Mandelson’s Digital Economy Bill will switch off public wifi

Another amazing and appalling consequence of the Digital Economy Bill has been unearthed by the Open Rights Group (ORG) and it's digital law team.

In a blog post analysing the detail of the Bill it seems that anyone offering wifi will held accountable if someone uses it to illegally download files. This means they'll face criminal proceedings and disconnection.

From the ORG blog:

"An end to internet cafes and shared networks

The Bill appears to impose obligations on account holders for the
behaviour of other users. This will adversely affect many businesses
and stop the many people who currently extend their access to the
internet to people in their community."

Take action now to prevent this from becoming a reality.

Locking down the future and what you can do to help

As a communicator with an understanding of the Internet, I’d always advise my clients that the web is fundamentally changing the ways we communicate, consume and produce media and culture and in order to survive (or at least stay relevant) they need to adapt.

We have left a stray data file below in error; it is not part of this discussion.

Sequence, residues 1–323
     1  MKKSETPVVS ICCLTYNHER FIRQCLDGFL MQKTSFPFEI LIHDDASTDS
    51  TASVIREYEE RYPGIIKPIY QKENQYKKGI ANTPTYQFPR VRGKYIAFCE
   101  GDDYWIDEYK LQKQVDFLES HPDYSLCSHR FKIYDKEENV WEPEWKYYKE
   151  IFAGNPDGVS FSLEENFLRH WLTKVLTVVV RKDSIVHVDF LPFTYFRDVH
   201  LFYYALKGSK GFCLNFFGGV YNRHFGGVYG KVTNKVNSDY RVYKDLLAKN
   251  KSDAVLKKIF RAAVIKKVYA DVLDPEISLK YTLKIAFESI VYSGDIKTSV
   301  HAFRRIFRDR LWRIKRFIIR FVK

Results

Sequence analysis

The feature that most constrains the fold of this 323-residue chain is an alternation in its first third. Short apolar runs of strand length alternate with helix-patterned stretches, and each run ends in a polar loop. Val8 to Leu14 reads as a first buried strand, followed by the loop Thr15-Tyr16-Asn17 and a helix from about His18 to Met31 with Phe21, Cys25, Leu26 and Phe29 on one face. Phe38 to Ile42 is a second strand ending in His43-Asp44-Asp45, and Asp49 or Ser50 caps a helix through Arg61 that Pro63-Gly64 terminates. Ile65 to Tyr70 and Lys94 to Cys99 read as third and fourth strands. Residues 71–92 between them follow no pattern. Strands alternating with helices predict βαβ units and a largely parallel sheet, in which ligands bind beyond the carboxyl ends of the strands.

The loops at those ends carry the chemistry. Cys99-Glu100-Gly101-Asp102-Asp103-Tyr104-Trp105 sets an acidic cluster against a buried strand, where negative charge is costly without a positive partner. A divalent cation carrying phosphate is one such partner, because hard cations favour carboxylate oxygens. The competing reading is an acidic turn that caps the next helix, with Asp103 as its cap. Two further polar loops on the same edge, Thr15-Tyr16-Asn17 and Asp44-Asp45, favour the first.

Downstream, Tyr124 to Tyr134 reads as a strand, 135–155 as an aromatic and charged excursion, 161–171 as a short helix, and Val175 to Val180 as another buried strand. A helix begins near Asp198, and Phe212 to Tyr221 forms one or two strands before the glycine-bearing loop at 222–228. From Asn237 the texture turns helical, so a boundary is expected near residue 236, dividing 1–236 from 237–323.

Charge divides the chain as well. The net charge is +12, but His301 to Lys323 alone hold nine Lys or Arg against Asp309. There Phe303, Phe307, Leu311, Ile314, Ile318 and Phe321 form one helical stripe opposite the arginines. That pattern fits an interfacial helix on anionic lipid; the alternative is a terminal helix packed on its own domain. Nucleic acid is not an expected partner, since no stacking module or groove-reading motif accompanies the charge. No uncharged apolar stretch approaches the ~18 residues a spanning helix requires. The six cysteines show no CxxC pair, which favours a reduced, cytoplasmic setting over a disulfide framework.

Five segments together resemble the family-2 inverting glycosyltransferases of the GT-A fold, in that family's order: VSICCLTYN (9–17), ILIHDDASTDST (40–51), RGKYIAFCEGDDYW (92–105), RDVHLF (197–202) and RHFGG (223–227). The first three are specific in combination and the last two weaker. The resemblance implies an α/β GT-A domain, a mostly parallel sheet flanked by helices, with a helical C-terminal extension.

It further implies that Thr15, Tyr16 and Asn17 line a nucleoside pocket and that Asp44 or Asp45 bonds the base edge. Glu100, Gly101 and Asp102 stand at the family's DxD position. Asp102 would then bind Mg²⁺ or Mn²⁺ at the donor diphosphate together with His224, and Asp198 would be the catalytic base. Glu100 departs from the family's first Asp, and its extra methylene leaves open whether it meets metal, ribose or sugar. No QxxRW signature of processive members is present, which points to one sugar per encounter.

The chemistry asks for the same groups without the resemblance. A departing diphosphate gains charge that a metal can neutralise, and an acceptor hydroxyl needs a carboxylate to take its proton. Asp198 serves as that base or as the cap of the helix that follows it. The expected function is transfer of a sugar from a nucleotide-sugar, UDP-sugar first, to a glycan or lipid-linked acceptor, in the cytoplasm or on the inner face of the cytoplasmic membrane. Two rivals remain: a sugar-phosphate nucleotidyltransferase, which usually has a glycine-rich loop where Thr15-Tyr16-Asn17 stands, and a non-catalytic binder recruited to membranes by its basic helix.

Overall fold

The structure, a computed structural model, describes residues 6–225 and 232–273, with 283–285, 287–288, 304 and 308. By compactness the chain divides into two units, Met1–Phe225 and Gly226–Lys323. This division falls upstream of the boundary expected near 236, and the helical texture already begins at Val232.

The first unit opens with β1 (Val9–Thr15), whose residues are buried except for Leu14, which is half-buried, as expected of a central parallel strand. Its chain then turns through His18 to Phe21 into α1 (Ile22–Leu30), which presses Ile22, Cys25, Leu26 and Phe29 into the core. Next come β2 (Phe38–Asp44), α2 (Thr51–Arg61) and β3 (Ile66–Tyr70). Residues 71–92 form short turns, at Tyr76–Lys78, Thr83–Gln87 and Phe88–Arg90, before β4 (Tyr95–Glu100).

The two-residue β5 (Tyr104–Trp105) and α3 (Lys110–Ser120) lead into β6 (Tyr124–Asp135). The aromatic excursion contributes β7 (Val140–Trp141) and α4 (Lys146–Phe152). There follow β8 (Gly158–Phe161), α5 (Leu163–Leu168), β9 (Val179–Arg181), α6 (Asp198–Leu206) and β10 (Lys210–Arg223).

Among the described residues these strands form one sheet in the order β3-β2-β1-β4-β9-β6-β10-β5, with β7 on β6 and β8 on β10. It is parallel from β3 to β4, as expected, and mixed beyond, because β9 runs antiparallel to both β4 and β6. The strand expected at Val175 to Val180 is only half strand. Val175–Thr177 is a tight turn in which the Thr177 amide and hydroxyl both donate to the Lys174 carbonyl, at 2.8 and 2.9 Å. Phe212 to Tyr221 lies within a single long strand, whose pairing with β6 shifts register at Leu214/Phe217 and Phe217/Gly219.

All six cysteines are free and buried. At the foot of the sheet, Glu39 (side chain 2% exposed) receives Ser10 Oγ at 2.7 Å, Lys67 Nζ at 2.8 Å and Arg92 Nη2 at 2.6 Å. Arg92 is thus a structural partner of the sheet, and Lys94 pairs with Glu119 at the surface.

Similarly, the web is making findamental changes in almost every other industry touched by society and culture and ditto they must adapt to maintain relevant in the networked world – both now and in the future.

However, when it comes to the music, film and entertainment industries it seems that they are investing heavily in preserving the past, rather than acknowledging where the future will lie.

Sadly, one result of this is a horribly flawed EU Directive which proposes doubling the current term on music copyright.

This action is opposed by all of Europe’s leading intellectual property research centres and makes little economic, technological or cultural sense. But don’t take my word for it. The UK-based Open Rights Group (disclosure, I volunteer time to support ORG) has produced this nifty little video explaining the issues at stake.

Having just finished Lawrence Lessig‘s Remix (review to follow) this is a major issue which not only risks atrophing the economy but also criminalises the next generation of artists/creators.

You can add your support in the following ways:

  1. Invite your MEP to attend the 27 January event on your behalf (you can get their contact details here: UK residents; Other EU residents)
  2. 3) Invite your MEP to sign the Sound Copyright petition
  3. 4) Ask your MEP to watch the Open Rights Group’s cartoon “How copyright term extension in Sound Recordings actually works”